Trees – No Trees – Hunting Park

Hunting Park Ave even in its best days never hosted a Street of Dreams tour.  In 1914 when the row houses were first built, new home owners were named Mario and Maria.  On early Fall evenings, the fragrances of simmering  spaghetti  sauce with meatballs coated the air like a culinary perfume.  Then things changed.  Old neighbors moved away.  People from other parts of the world moved in.  And Hunting Park became a residential Ellis Island that families passed through on their way to someplace else.     

And that brings us to today.

I have loved ones who live just one block to the west of the included photographs.  The tree-lined street is to the right off of Hunting Park Ave on 7th Street and the nearly treeless street is off to the left.  Same street.  Same vintage of leaning homes.  The first is loud with chatter and invites but since the second has no sun screen,   neighbors stay off their front porches and the scorching sidewalks.  

As it turns out,  some point decades ago, the folks on one side of 7th Street together decided to buy and plant trees even though most of them would never get to savor the shade of all their hard work.  Together they planted, watered and weeded for the sake of the next generation.  Each time they dug a new hole, it was a statement of faith.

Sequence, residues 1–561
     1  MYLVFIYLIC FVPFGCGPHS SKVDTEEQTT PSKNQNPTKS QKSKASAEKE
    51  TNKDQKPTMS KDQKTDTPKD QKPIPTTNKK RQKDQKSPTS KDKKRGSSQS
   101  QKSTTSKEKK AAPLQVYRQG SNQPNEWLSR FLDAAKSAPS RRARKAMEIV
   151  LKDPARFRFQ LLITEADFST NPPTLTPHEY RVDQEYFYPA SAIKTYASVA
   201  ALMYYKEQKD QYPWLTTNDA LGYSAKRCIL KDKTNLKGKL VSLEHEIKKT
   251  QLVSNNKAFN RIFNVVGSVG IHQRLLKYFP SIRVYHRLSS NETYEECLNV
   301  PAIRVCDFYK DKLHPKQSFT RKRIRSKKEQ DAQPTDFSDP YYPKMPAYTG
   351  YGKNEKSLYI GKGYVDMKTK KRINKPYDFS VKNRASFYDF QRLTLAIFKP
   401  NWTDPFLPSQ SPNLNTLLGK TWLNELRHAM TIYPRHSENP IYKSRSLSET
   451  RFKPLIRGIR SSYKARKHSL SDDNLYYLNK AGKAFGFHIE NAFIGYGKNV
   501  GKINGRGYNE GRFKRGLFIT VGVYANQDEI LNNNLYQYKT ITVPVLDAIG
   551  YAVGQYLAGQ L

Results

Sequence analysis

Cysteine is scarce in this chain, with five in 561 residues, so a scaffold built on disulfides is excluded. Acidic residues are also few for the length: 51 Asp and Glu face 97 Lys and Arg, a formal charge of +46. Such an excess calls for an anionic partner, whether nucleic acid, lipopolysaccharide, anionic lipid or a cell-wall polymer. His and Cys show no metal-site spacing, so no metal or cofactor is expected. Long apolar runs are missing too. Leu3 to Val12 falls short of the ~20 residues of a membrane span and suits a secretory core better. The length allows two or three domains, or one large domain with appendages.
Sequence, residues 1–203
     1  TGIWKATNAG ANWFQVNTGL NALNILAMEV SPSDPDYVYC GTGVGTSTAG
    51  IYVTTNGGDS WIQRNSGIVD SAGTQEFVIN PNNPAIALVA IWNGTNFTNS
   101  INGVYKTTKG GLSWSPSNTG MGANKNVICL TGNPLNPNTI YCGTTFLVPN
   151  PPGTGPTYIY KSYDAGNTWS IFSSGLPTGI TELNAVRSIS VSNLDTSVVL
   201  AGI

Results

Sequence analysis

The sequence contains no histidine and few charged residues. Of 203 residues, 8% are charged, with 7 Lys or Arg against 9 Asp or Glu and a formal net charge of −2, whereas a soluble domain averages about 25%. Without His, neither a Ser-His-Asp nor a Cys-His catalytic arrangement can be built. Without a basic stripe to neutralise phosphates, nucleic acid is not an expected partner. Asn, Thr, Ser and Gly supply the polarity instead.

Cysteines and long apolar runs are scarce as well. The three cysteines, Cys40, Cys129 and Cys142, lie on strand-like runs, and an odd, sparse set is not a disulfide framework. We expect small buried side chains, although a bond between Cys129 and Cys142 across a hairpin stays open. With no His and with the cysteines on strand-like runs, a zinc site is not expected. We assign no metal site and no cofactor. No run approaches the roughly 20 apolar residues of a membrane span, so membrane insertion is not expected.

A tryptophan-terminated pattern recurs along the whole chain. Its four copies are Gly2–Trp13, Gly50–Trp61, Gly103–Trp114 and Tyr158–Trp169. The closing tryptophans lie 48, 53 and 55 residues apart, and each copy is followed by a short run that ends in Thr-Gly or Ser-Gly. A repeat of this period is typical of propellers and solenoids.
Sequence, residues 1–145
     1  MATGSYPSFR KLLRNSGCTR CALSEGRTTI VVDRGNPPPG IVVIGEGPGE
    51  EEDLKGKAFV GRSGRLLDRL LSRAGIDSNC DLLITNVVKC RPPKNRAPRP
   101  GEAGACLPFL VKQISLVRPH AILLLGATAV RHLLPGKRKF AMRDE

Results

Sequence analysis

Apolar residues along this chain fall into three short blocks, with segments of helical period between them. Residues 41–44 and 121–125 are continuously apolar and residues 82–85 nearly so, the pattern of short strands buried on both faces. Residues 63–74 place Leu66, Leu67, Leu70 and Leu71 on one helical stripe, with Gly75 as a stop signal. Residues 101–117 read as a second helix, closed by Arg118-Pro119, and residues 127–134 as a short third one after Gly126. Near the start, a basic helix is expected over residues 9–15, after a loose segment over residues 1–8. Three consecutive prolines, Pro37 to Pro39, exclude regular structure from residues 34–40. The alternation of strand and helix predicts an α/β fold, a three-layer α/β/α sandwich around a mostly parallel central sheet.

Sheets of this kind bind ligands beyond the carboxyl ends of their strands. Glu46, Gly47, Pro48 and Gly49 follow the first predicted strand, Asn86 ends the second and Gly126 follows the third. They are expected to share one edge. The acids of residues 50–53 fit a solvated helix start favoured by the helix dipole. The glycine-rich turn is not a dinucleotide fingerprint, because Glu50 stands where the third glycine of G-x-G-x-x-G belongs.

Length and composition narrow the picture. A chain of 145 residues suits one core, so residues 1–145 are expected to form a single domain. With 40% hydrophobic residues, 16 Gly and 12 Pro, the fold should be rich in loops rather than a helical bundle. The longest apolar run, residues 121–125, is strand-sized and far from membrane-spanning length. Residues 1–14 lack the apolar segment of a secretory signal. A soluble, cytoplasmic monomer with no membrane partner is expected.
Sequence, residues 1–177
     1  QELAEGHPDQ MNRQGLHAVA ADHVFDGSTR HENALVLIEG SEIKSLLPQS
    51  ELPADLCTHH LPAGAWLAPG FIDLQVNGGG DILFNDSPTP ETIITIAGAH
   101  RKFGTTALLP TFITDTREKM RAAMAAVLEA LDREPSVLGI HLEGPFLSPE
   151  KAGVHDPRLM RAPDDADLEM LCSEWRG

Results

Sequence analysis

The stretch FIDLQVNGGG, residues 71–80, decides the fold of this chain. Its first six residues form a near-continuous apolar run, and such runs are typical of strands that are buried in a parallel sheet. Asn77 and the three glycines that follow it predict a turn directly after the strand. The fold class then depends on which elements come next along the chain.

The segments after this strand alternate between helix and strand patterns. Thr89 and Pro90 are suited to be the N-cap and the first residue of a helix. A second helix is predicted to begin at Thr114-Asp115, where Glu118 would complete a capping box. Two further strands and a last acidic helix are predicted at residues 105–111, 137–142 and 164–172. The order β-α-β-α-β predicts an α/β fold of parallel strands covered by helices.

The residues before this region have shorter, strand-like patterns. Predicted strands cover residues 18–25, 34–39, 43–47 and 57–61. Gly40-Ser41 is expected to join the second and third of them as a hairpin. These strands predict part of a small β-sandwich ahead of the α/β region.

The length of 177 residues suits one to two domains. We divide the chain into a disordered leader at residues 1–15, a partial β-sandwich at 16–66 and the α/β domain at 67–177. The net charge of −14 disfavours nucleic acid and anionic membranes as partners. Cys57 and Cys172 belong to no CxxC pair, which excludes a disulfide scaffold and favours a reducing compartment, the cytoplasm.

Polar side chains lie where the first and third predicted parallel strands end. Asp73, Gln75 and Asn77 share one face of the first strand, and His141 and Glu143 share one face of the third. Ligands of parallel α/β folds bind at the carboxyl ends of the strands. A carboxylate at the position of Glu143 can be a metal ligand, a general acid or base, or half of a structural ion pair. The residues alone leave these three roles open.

How does that happen?

I wonder what the person was like who spearheaded the original community project.  What did they say to inspire their neighbors?  How did they persuade Luigi, Seamus, Moses, and Qwan, the street’s  steelworkers,  to give up some of their weekly pub money for the sake of a few spindly trees that might likely die?    I’ve no doubt they used thoughtful words of vision and hope. And probably a lot of them.   When I think about it, it humbles me how really few conversations I have on a day-to-day basis where my friends and I intentiionally set out to inspire each other with hope and vision.  It is just seems so much easier to shift into cynicism and snark.  But in the end, you get what you plant.  I have to decide what sort of street I want to leave for the families I may never meet. 

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